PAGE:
The world’s largest Thermal Energy Conversion (OTEC) plant has officially been activated in Kailua-Kona, Hawaii.
The 105KW, $5 million plant was built by Makai Ocean Engineering Inc. and produces electricity by using the temperature difference between colder, deep-ocean water and warm tropical surface waters.
In order to run a power cycle and produce electricity, OTEC plants pump large quantities of cold seawater and surface seawater.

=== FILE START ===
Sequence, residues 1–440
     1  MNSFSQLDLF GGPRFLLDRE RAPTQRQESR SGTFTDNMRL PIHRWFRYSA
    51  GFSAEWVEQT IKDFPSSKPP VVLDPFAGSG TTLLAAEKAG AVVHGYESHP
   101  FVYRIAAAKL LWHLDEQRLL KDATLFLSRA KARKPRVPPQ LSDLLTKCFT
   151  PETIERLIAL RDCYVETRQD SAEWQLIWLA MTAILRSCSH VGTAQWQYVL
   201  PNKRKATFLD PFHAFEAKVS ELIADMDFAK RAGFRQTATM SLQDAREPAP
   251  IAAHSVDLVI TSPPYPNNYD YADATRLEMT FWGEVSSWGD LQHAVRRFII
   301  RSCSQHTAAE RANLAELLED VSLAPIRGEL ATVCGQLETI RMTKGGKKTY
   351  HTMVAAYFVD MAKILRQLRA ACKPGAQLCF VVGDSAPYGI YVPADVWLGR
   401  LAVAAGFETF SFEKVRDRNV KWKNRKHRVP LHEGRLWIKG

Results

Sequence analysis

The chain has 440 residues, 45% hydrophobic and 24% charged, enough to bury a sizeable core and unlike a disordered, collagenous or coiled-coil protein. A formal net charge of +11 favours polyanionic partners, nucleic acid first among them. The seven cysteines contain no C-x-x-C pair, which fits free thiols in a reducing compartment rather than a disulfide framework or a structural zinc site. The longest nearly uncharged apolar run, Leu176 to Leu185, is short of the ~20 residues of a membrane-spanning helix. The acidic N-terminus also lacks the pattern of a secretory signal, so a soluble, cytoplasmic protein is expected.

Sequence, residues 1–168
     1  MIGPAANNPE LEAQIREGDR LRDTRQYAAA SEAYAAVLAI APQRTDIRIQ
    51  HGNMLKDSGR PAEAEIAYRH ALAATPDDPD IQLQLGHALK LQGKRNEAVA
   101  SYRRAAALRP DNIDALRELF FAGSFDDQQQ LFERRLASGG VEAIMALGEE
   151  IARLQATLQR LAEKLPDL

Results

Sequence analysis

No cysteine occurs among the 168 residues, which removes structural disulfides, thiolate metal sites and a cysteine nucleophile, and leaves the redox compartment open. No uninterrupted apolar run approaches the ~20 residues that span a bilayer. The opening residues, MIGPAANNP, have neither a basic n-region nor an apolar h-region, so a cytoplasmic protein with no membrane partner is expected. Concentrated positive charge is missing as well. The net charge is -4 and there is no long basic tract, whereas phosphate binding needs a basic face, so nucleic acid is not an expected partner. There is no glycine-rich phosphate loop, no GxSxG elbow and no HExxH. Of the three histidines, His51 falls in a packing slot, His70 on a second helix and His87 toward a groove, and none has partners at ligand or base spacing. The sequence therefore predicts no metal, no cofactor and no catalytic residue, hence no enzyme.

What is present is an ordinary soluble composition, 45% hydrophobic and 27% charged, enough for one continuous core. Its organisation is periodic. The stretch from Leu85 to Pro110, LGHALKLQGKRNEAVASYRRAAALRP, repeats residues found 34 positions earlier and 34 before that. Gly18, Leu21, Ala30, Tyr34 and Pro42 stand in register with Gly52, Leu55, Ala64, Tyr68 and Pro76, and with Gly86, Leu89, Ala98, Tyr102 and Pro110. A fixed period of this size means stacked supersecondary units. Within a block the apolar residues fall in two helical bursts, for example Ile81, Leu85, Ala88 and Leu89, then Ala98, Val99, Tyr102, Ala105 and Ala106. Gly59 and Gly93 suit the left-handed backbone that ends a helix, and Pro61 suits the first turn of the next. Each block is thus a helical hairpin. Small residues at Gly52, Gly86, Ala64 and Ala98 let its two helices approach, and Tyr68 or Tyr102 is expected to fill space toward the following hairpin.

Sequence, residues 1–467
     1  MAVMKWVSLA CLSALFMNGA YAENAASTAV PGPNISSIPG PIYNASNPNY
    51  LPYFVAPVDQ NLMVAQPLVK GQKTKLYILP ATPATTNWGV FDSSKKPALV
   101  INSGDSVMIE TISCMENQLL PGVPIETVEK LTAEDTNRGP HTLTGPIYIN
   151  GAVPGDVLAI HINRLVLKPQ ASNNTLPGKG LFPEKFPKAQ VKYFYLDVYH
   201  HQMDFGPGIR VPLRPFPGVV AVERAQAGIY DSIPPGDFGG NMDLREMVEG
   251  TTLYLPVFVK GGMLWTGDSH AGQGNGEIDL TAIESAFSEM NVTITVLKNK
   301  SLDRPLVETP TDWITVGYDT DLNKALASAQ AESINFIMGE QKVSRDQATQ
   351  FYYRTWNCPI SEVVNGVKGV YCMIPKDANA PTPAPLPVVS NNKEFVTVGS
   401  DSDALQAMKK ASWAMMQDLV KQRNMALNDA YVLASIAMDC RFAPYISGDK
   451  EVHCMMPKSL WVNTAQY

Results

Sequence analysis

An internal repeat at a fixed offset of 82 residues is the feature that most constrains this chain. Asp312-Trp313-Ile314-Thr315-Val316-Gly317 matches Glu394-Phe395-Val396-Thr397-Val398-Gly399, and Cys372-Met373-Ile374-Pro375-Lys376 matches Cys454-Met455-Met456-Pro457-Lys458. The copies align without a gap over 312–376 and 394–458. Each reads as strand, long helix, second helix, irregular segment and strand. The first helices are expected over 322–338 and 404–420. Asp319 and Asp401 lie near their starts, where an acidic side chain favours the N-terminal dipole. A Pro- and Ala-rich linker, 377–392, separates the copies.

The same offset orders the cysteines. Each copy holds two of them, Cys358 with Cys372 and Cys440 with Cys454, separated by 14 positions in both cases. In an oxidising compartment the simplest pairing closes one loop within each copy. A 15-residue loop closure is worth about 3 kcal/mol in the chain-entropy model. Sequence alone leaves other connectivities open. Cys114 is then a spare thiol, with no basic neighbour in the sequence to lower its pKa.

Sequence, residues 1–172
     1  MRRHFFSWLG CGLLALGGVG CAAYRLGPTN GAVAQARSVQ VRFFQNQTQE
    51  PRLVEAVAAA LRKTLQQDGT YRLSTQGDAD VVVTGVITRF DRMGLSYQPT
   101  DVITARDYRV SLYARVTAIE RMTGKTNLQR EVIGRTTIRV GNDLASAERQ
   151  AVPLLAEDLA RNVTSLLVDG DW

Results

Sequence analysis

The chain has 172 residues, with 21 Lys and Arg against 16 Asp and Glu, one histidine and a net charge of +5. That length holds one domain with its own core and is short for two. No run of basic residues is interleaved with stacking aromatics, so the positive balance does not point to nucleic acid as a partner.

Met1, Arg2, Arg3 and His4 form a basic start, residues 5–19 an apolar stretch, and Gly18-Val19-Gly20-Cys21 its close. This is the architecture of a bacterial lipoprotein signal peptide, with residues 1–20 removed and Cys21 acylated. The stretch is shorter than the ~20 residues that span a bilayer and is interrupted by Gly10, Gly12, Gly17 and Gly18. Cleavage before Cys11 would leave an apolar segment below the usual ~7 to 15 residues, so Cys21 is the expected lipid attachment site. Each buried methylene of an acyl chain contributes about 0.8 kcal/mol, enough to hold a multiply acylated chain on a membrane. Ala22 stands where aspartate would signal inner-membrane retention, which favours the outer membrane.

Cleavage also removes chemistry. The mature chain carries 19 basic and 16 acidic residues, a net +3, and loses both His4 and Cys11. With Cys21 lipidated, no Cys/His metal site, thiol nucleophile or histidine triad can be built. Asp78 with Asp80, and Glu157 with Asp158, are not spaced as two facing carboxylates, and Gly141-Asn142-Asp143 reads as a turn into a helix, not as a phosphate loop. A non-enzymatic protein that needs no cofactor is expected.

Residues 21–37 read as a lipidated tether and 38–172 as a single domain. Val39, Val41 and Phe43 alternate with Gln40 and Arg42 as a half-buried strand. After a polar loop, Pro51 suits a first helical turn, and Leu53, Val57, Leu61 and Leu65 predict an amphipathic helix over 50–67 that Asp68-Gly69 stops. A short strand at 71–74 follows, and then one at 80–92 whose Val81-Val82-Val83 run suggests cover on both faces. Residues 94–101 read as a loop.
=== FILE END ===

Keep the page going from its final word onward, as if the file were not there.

Any tropical location with deep water is more than capable of housing an OTEC plant, which can produce power all day, every day, and is non-polluting and sustainable.
“The plant is dispatchable, meaning the power can be ramped up and down quickly to accommodate fluctuating demand and intermittent power surges from solar and wind farms,” Duke Hartman, vice president of business development at Makai, told Bloomberg.
He added: “We think that ocean thermal-energy will be an important element of creating a stable grid with renewable energy.”
The new Hawaiian plant is connected to the grid and can power 120 homes.